Tim Burton’s Alice in Wonderland

Terrance Riley, Bloomsburg University

49. Alice in Wonderland - You're InvitedLewis Carroll’s Alice novels are rarely regarded as frightening, but they probably should be. Both Alice’s Adventures in Wonderland and Through the Looking-Glass are virtual catalogues of nightmares that make their first appearance in childhood: falling into dark places, metamorphic bodies, anthropomorphic monsters, and homicidal mothers. One of Carroll’s motives was to teach children to be brave in the face of dangers, and his Alice is a model of poise and grace. But readers who return to the book as adults often find themselves recalling those early fears in vivid and unpleasant detail.

American director Tim Burton has established a substantial and successful record in exploring the human psyche and engaging with its deepest fears: Edward Scissorhands (1990), The Nightmare Before Christmas (as writer, 1993), Sleepy Hollow (1999), The Corpse Bride (2005), and Sweeney Todd (2007) are saturated with images of deformed and violated bodies, re-animated corpses, and sudden malevolence, but rendered with a comic exaggeration that diffuses alarm – the very tactic that Carroll used. In 2010 Burton brought his peculiar gothic preoccupations to Carroll’s Alice, combining elements of both stories in an allegory of an adult returning to Carroll’s Wonderland and struggling with unresolved childhood anxieties. Screenwriter Linda Woolverton’s Alice is a privileged nineteen-year-old girl facing a marriage of convenience to a repulsive suitor. Alice has no love for the man, but neither does she have any prospects of her own, or even any hopes. In a moment of distraction and delay, she spots a rabbit in a blue vest and runs away from her engagement ceremony, chasing the rabbit into a hole under a tree (“escaping,” as she had years before, from the real world into a fantasy, just as a reader escapes by falling into the world of a book).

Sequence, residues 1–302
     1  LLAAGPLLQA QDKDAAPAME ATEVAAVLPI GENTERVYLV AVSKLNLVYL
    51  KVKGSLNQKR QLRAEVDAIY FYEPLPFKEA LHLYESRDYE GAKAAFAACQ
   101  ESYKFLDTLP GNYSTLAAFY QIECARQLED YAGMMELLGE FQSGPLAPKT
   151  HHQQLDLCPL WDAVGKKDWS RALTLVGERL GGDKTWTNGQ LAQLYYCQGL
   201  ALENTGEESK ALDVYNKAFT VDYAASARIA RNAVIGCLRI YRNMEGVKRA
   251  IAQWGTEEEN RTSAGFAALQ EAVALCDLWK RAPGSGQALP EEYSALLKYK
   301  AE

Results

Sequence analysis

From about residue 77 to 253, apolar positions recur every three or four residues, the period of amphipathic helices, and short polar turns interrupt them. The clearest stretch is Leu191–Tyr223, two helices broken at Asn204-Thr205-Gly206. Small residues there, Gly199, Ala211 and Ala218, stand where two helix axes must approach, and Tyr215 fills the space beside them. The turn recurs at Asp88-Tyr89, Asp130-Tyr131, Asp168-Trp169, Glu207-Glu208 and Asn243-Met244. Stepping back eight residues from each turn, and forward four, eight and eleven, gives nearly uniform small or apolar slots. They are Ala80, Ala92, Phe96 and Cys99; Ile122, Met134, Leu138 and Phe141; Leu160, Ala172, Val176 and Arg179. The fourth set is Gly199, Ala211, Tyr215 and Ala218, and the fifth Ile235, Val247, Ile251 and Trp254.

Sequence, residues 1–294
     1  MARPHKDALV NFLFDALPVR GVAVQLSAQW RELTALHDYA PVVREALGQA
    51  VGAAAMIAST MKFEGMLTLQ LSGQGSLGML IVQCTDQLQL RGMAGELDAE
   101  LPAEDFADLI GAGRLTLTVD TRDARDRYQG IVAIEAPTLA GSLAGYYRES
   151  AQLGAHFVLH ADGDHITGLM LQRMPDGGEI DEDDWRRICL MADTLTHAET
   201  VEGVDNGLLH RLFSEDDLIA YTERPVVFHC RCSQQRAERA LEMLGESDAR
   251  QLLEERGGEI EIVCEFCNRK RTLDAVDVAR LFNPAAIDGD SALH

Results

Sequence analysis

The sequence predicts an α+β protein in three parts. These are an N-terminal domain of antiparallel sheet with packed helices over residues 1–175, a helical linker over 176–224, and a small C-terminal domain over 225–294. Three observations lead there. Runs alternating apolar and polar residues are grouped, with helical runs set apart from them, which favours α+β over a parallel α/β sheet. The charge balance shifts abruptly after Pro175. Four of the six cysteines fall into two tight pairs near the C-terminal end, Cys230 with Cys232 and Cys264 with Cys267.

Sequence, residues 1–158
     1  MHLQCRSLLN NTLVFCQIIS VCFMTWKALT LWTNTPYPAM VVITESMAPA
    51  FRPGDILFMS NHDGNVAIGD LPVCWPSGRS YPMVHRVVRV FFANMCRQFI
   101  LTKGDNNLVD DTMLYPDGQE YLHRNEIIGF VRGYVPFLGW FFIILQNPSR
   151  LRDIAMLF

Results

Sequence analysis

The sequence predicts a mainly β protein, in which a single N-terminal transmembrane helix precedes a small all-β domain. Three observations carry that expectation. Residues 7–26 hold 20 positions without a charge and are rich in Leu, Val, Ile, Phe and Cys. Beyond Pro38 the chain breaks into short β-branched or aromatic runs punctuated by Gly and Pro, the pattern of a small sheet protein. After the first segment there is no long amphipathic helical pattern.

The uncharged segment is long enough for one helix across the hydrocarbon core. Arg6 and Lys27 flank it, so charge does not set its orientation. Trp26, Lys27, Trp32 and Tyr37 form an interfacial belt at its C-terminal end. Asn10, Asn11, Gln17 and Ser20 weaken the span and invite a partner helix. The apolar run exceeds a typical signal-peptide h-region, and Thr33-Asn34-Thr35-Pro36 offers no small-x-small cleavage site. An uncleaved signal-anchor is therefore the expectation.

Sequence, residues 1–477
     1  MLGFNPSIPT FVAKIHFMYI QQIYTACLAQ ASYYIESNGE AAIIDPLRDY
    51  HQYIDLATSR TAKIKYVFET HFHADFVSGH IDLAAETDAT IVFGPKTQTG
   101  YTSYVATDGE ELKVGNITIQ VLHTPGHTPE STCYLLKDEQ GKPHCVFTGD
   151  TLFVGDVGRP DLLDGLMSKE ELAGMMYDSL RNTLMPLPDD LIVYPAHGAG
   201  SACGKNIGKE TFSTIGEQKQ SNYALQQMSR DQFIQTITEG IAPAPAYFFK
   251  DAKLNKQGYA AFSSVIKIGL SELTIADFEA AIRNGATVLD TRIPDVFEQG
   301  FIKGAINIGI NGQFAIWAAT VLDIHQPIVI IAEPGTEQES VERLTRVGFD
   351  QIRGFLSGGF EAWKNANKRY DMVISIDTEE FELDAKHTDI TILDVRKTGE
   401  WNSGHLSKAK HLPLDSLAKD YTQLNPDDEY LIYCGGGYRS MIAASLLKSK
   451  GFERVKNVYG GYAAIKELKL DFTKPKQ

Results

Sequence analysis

The adult familiar with the original texts will recognize Wonderland. Burton and Woolverton take many liberties with Carroll, but the setting, the iconic objects, and the central characters are inspired directly by John Tenniel’s original illustrations. Woolverton stages her most important textual intervention early on: as Alice and the reader are rediscovering Wonderland, the characters are debating whether this is the Alice they remember. Unaware she’s being observed, Alice speaks her signature line “Curiouser and curiouser.” The White Rabbit announces to the others, “I told you she’s the right Alice. . . . I’ve been up there for weeks trailing one Alice after the next” (“Alice in Wonderland (2010)/Script”). The “right Alice” is the only one (according to the Oraculum, the history of Wonderland’s past and future) who can end the Queen of Heart’s reign. In Woolverton’s allegory, the adult Alice is the only one who can conquer her own childhood fears.

Burton’s film includes most of the fears found in Carroll’s text and a few new ones (like the sexually predatory Knave of Hearts and the toothy, bearish Bandersnatch, mentioned but not represented in the novel). But the fears are chiefly collapsed into two menacing adults, the insane Queen and the Jabberwocky she uses to maintain her power. Burton highlights the Queen’s role as a monstrous mother: she adopts Alice during one of the latter’s giant (and consequently nude) phases, clothes her, and sets a place for her next to the throne. But she flies into a rage (“Off with her head!”) whenever her will is thwarted. Burton’s Jabberwocky is not human, but he walks more or less upright and speaks in the orotund tones of actor Christopher Lee, whose presence in the film evokes the horrific adult males Lee is known for onscreen. Tenniel’s illustration also suggests a dragon at least capable of bipedal motion, and possibly speech. The Jabberwocky could stand in for a dreadful grandfather, then, or the sinister neighbor down the street, but in any case a creature uttering nightmarish threats, like the Queen.